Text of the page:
ANCRAM–After a review of the town’s law on telecommunications towers adopted just last year, the Zoning Revision Committee recommends throwing it out and enacting a new one. The Town Board agrees.
The cell tower law came under fire last December during a contentious public hearing on an application by a company called Mariner Tower II to erect a 150-foot cell tower at 2259 State Route 82 near the Gallatin town line. Most of the rural town lacks cell phone service, but Ancram and Gallatin residents at the hearing charged that the law sets too few restrictions on cell tower companies at the expense of landowners.
The law was amended last year in accordance with the new Comprehensive Plan precisely because the town wanted it to be more cell-tower friendly. According to the law, the Town Board found it is in the community’s best interests “to encourage the availability of cellular telephone service.”
The law was written to “attract cellular service” by making the approval process “predictable and reasonable” while minimizing the negative environmental impact of the towers and protecting “the health, safety and welfare” of Ancram residents.
Opponents of the law said it favors cell tower applicants because it cut the necessary setbacks from 750 feet to just the height of the tower, allowing a tower to loom intrusively over neighboring properties. The law also contains a provision that allows the Planning Board to “waive provisions or requirements…when such waiver advances the goals and purposes of this Local Law.”
Mariner Tower, a co-applicant with AT&T, was seeking such a waiver from the Planning Board to require just a 50-foot setback instead of 150 feet.
Zoning Revision Committee (ZRC) Chairman and Councilman Hugh Clark told the Town Board at its April 19 meeting that the committee suggests the current cell tower law be repealed and replaced with a new law drawn up by the ZRC.
In a written summary about ZRC changes to the current law, Mr. Clark wrote that the revision “sets towers back at least 1.5 times tower height from property lines, wildlife habitats, watercourses, historic sites and utility lines; 500 feet from habitable structures; at least the tower height from accessory structures that are not habitable; and contains other provisions protecting neighboring parcels.”
The rewrite would remove the Planning Board’s waiver authority when it comes to changes to minimum setbacks. Instead, such changes would be the province of the Zoning Board of Appeals. Other revisions have to do with the posting of performance bonds, permit renewals and tower inspections.
The Town Board voted in favor of going forward with the proposed new law, which is subject to compliance with the State Environmental Quality Review Act (SEQRA) and now must be reviewed by the town and county Planning Boards and scheduled for a public hearing. The board is shooting for the June meeting.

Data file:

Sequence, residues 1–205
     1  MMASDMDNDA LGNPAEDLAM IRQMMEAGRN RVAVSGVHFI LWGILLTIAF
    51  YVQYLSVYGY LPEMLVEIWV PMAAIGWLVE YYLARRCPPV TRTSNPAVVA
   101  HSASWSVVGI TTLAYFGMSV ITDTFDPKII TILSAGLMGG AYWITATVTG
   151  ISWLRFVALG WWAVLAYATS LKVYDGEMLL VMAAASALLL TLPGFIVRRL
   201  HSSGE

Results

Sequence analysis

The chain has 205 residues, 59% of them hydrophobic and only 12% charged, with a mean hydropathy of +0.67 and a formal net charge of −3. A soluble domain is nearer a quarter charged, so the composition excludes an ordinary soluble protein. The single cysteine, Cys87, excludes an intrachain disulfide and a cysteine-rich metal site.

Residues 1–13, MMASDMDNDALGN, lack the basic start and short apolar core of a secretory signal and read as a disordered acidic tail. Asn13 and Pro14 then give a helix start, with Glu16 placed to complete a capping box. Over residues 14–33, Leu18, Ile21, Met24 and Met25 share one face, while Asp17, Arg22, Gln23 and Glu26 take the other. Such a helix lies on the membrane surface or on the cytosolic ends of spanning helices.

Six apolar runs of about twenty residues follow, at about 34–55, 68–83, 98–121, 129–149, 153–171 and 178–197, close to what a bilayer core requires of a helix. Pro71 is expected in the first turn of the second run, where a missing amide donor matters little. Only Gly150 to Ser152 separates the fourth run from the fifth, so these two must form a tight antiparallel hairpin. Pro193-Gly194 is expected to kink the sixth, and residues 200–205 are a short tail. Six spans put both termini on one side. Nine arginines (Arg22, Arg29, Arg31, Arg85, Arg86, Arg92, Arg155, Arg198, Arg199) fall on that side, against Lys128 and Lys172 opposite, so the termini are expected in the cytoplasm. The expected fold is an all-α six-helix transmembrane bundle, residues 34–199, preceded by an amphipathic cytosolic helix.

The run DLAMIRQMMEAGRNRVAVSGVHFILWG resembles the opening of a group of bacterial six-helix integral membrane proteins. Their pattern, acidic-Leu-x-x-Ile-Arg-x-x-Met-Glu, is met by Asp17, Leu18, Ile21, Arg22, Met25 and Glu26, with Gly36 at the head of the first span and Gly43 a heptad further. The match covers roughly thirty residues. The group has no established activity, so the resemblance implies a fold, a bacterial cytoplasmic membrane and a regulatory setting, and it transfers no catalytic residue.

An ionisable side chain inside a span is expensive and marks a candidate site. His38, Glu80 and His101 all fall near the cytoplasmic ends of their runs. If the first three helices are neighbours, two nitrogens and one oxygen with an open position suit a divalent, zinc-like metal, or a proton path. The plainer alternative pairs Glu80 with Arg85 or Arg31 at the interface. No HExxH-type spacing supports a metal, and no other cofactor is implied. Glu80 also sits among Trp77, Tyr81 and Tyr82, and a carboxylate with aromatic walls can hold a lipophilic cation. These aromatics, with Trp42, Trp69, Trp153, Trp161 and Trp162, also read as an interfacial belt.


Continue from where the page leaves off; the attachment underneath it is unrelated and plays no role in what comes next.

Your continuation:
According to Town Supervisor Art Bassin, Mariner Tower has notified the Planning Board that it is withdrawing its application for the 2259 State Route 82 site, owned by Stephen Tucker and Heidi Baldwin, and has found a new location in that same vicinity, but is awaiting AT&T approval before submitting a new application.
Mariner is now in the application process for a permit to build a tower at 10 Neighbors Road in Gallatin on the west side of the Taconic State Parkway, just north of Jackson Corners. The company’s new tower in West Copake is up and is expected to be operational within the next couple of months, said the supervisor.
In other business the Town Board:
*Heard from Ancram Fire Chief David Boice that plans are in the works for an addition to the firehouse with the assistance of Architect Joe Iuviene, who also worked on design of the addition and renovation of the Town Highway Garage. Fire officials hope to break ground on the project in the spring of 2013, the chief said.
*Heard that the town spent $17,000 of its snow and ice budget through the end of March and another $4,000 in April topping off sand and salt supplies. The amount spent is a mere one third of the amount budgeted and leaves $45,000 in salt and sand money unexpended.
*Heard from Supervisor Bassin that the state supports the idea of fixing the County Route 7/State Route 82 intersection by trimming back the retaining wall and carving back the corner to create better sight distance and a wider turning radius, while not harming the Tinsmith house. The next step is to create a work plan and schedule.
*Agreed to solicit bids for conducting a dog census. The town hasn’t counted its canines in upwards of 10 years. The move will insure that more dogs are licensed and therefore vaccinated against rabies. It will also make it easier to find who owns a lost dog, the supervisor said. Also on the subject of dogs, the supervisor said a local resident has filed a police complaint about an ongoing barking dog problem. The case will be heard in Town Court and the town is obligated to retain an attorney to prosecute the matter since it is a violation of a town ordinance.
*Heard from Summer Camp Director Ruth Thomas that this year’s program starts July 9 and runs through August 17. The cost is $65/week for Ancram residents and $75/week for out-of-towners. Scholarships are available. Mrs. Thomas is hoping to get both the basketball court and the baseball field fixed up this year.
*Agreed to seek approvals from the county and state to reduce the speed limit on Carson and Prospect Hill roads to 35 miles per hour.